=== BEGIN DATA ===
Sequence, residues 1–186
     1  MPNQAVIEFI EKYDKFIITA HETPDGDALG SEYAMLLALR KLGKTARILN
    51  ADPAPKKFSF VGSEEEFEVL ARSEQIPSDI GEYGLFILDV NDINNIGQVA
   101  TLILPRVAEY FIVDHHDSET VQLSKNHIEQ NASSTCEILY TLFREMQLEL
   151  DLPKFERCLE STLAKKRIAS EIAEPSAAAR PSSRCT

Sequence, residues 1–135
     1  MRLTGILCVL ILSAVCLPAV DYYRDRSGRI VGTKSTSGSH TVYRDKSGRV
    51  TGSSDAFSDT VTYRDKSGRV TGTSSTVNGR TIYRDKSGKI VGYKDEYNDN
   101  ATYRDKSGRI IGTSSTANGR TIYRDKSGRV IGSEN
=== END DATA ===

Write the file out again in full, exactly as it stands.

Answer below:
Sequence, residues 1–186
     1  MPNQAVIEFI EKYDKFIITA HETPDGDALG SEYAMLLALR KLGKTARILN
    51  ADPAPKKFSF VGSEEEFEVL ARSEQIPSDI GEYGLFILDV NDINNIGQVA
   101  TLILPRVAEY FIVDHHDSET VQLSKNHIEQ NASSTCEILY TLFREMQLEL
   151  DLPKFERCLE STLAKKRIAS EIAEPSAAAR PSSRCT

Sequence, residues 1–135
     1  MRLTGILCVL ILSAVCLPAV DYYRDRSGRI VGTKSTSGSH TVYRDKSGRV
    51  TGSSDAFSDT VTYRDKSGRV TGTSSTVNGR TIYRDKSGKI VGYKDEYNDN
   101  ATYRDKSGRI IGTSSTANGR TIYRDKSGRV IGSEN